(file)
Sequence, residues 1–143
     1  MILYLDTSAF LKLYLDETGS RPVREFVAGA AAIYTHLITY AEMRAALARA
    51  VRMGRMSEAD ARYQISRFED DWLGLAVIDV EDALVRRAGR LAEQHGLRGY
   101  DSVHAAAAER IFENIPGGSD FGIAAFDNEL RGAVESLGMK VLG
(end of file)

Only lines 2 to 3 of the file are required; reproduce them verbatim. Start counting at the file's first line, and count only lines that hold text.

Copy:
     1  MILYLDTSAF LKLYLDETGS RPVREFVAGA AAIYTHLITY AEMRAALARA
    51  VRMGRMSEAD ARYQISRFED DWLGLAVIDV EDALVRRAGR LAEQHGLRGY